Take it slowly.
Trying to go too fast can re-traumatize you.
Start by simply acknowledging how you feel.
The heart wound of abuse, leaves a mark of fear in your psyche. You may feel frightened all the time. You might have panic attacks. You might feel chronic low grace anxiety. Acknowledge the anxiety and understand that is the result of the abuse.
You might try to change or control circumstances around you, but that will never make the fear go away. It is a way for the part of you who is afraid trying to feel safe. (If you are currently in an abusive situation, it is ok to leave the situation.)
You might feel anger. You might feel sadness and grief.
Watch and be mindful what triggers the fear or anger.
Notice what triggers fear in you. Do some self inquiry about the trigger. What does it trigger within you? Why? You might want to write in a journal to explore this.
Ask: Does the situation I am in justify the level of fear?
Is the fear or anger exaggerated in proportion to the current situation? Does the current situation warrant that level of fear? If not, that is a sign that a heart wound is involved.
Ask: What are my coping mechanisms to avoid feeling the fear?
What do you grab onto or push away to try to feel safe? Do you over eat to avoid feeling the fear/pain? Do you lose yourself in work to avoid feeling the pain? Do you use alcohol or drugs to avoid feeling the pain?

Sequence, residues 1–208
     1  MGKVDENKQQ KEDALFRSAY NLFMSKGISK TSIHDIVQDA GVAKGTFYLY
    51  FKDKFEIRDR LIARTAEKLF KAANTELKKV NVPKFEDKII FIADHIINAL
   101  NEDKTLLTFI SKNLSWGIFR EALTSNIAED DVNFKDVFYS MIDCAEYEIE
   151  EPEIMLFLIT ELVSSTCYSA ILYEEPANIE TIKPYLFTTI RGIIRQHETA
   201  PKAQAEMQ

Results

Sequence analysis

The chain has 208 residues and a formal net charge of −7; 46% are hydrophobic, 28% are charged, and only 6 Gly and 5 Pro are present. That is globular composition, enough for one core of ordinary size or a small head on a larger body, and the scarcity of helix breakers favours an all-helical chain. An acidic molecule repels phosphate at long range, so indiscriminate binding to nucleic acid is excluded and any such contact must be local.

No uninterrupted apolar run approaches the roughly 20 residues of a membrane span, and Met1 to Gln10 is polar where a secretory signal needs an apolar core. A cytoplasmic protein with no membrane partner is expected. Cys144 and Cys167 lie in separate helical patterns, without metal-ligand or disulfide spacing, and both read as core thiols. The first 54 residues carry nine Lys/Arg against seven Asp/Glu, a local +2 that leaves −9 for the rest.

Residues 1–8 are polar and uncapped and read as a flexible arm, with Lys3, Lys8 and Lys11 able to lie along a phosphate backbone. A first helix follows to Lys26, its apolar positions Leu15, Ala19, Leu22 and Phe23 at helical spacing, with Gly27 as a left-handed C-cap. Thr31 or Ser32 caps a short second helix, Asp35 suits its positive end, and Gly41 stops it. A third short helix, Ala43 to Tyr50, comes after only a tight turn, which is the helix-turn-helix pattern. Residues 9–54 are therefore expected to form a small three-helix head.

Do you try to control others to feel safe? Do you try to control yourself to feel safe? Do you judge and criticize yourself? Do you cling to a relationship that doesn’t make you happy? Do you avoid personal relationships? Do you keep attracting the same abusive personalities?
None of these things are bad or wrong. They are ways that you used to be safe in a dangerous situation. They are ways that you used to protect yourself.
Yet, acknowledge them and ask if they are still keeping your safe or are they holding you back from being free of the heart wound.
Ask: What belief systems were born out of the abuse?
Here are some examples: I am a loser. I am not safe. People aren’t safe. The world isn’t safe. All men are bad. Everyone is out to get me.
Exploring the shadow side is an important part of healing the heart wound of abuse.
Acknowledge the wounded parts of yourself and practice meeting them with acceptance, compassion and understanding. Be present with the pain of your abused parts and let them know that the pain can and will end.
Return to the 6 steps to heal a heart wound.
Take some time each day, week or month to set down with the 6 steps to heal a heart wound. Which ones resonate with you? Which ones terrify you? Are there ones that bring up tears? Anger?
You can journal about the steps and your reaction to them. Or do a self inquiry and journal around each step.
Create healthy relationships. Spend time with people who you feel good around. And or someone who can give you the space to vent and release emotions safely.
Reach out to someone skilled in healing heart wounds. Acceptance, compassion and support are an important baseline skills for a practitioner.